Sunday, March 28, 2010

Words of wisdom from beyond the grave of Japan's secret pacts

“A drama currently being played out on the stage of national politics in Japan may well mark a turning point in the country’s postwar history.”
Roger Pulvers

On March 28, the Japan Times published an op-ed written by Roger Pulvers. In this article, he talks about Kei Wakaizumi, a man who played an important role in the creation of the secret agreements between Japan and America.

In the late 60s, Wakaizumi and Henry Kissinger wrote a secret agreement that allowed America to bring its nuclear weapons into Okinawa in the event of an emergency. When Richard Nixon and Eisaku Sato signed the agreement, only two other people knew about its existence – Henry Kissinger and Kei Wakaizumi. As the years went by, Wakaizumi began to feel an enormous sense of guilt over his role in forging the agreement. In the late 80s, he had a nervous breakdown.

“I have brought about new insecurity, anguish and anger to the people of Okinawa,” said Wakaizumi.

The goal of his negotiations with America was to garner the return of Okinawa to Japan. He succeeded in doing that. However, in many ways, for the people of Okinawa, the occupation did not end. In fact, you could argue that the occupation grew worse. After the Vietnam War, America agreed to remove its forces from the urban areas in Japan. Some of those forces relocated to Okinawa, which at that time had relatively large areas of uninhabited land available for use. So in some respects, you could argue that Wakaizumi failed in his job to end the occupation of Okinawa. Perhaps that failure led to his depression.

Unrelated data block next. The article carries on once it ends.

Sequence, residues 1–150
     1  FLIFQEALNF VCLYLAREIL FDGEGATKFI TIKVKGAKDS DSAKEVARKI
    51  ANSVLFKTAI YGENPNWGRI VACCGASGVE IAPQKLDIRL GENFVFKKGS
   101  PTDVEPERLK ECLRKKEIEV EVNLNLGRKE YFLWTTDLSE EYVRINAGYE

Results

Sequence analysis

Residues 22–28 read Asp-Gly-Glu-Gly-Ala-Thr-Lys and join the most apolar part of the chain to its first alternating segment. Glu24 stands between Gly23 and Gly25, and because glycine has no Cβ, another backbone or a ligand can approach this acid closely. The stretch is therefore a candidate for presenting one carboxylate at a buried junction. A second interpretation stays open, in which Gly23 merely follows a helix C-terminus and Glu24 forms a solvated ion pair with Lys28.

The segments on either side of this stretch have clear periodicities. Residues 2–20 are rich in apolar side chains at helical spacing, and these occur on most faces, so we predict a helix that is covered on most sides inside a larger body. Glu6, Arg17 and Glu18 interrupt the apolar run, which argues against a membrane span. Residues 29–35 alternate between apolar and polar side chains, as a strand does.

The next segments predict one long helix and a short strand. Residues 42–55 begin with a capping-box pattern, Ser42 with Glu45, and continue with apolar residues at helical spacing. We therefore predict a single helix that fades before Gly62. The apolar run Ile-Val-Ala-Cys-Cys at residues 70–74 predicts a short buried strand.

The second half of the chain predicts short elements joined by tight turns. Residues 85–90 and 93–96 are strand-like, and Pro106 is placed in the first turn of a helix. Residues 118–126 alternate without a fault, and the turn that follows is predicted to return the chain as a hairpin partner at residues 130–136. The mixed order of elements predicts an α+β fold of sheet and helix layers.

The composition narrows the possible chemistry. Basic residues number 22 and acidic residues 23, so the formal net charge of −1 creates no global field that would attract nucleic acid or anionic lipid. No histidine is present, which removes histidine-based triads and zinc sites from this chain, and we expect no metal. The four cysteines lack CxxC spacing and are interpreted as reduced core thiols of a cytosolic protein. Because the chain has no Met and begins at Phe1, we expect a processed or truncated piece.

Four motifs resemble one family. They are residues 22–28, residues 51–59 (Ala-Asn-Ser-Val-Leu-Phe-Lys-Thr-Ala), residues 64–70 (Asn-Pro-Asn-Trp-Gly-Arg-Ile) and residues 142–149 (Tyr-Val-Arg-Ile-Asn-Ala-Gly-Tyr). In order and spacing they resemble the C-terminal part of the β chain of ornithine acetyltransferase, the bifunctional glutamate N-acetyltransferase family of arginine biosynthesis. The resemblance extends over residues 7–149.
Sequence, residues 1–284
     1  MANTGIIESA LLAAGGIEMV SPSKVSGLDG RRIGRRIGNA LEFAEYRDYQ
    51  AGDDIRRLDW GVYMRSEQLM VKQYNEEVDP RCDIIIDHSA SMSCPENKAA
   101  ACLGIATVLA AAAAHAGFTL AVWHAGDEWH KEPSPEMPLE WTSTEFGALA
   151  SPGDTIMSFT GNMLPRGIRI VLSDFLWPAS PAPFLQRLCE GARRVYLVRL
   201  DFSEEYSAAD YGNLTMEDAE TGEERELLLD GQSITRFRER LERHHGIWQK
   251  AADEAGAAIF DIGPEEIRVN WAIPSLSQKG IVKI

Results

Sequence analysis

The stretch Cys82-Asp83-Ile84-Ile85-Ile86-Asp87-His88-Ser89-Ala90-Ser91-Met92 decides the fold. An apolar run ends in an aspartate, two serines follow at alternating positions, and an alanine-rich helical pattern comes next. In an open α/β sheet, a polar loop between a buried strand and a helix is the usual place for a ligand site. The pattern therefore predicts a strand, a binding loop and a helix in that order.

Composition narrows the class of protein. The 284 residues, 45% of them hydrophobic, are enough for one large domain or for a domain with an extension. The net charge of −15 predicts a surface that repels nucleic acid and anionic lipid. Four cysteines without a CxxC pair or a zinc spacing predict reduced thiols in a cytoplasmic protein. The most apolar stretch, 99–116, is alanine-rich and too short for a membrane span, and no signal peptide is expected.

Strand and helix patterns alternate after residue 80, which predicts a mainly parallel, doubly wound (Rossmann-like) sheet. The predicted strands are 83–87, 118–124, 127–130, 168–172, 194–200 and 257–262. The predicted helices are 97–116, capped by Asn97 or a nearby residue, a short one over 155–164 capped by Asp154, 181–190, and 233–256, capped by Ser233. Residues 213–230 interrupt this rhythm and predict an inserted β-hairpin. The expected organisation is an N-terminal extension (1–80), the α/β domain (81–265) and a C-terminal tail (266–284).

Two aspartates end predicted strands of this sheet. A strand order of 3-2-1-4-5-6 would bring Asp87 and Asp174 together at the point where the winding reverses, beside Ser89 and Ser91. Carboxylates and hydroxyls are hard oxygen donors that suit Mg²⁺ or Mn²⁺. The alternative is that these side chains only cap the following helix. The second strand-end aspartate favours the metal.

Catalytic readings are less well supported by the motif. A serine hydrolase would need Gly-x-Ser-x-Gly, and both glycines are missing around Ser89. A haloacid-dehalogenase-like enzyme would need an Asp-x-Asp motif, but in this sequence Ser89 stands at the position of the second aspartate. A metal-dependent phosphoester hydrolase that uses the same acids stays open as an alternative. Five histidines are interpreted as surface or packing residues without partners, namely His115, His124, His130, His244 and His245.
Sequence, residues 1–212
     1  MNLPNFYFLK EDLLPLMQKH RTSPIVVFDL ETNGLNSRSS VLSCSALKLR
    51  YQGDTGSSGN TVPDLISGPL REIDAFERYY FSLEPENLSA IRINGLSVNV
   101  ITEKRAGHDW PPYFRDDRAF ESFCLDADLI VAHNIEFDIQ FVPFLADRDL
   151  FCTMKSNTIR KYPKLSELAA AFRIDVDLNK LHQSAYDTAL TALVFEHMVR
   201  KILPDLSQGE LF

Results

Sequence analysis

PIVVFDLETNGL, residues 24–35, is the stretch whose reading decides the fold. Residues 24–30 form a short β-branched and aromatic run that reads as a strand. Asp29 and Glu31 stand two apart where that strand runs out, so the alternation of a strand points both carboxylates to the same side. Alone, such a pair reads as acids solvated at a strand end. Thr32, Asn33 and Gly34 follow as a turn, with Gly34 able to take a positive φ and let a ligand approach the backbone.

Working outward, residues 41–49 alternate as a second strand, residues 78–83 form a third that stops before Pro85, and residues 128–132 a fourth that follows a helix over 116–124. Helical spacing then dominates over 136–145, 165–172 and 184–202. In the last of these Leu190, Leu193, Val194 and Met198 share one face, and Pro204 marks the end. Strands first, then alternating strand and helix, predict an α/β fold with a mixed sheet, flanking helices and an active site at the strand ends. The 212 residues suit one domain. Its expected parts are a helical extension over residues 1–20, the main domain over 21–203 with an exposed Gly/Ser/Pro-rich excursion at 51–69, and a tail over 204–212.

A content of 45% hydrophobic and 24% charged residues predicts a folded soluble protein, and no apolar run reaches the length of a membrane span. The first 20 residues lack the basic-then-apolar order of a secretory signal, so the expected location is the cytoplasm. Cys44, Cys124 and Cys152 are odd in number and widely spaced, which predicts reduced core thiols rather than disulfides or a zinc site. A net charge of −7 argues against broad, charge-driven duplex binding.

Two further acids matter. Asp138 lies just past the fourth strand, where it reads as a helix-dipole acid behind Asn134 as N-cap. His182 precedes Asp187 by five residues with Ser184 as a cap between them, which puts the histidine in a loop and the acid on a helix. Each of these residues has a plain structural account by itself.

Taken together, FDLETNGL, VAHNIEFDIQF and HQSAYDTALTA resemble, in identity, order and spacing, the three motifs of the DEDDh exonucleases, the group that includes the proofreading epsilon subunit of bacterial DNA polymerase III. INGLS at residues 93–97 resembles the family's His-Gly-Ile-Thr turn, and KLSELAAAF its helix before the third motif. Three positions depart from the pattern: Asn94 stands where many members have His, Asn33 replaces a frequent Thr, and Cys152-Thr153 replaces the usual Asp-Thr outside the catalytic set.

In 1994, he wrote a book about his role in the return of Okinawa called “The Best Course Available.” The time immediately after the publication of that book was also a period of great upheaval in Japan. A Socialist prime minister had recently assumed power. At the beginning of 1995, a 6.8 earthquake killed over six thousand people in the Kobe area. A terrorist group killed thirteen people in the Tokyo subways using a chemical weapon in March. Towards the end of the year, a group of U.S. servicemen raped a girl in Okinawa. This crime enraged the people of Okinawa and led to a reconsideration of the alliance between Japan and America.

But in the end, nothing happened. At the beginning of 1996, the LDP returned to power. Bill Clinton met with the new prime minister, bromides were exchanged, and nothing much changed.

Wakaizumi would commit suicide later that year.

In many respects, the situation at the beginning of the new decade seems very similar to the situation Japan faced before he killed himself. A new party has taken control of the country. An enormous earthquake has killed thousands of people. We are once again threatening to tell the world the truth about our history. But I think there will at least one difference between then and now. I do not plan on leading a failed revolution.
Japan must begin to present its national interest and its principles to Asia and the entire world, beginning with the United States. That national interest and those principles must, in turn, be based resolutely on an autonomous spirit of independence, be expressed with an unwavering mettle and be couched in language that is universally understood.
– Kei Wakaizumi

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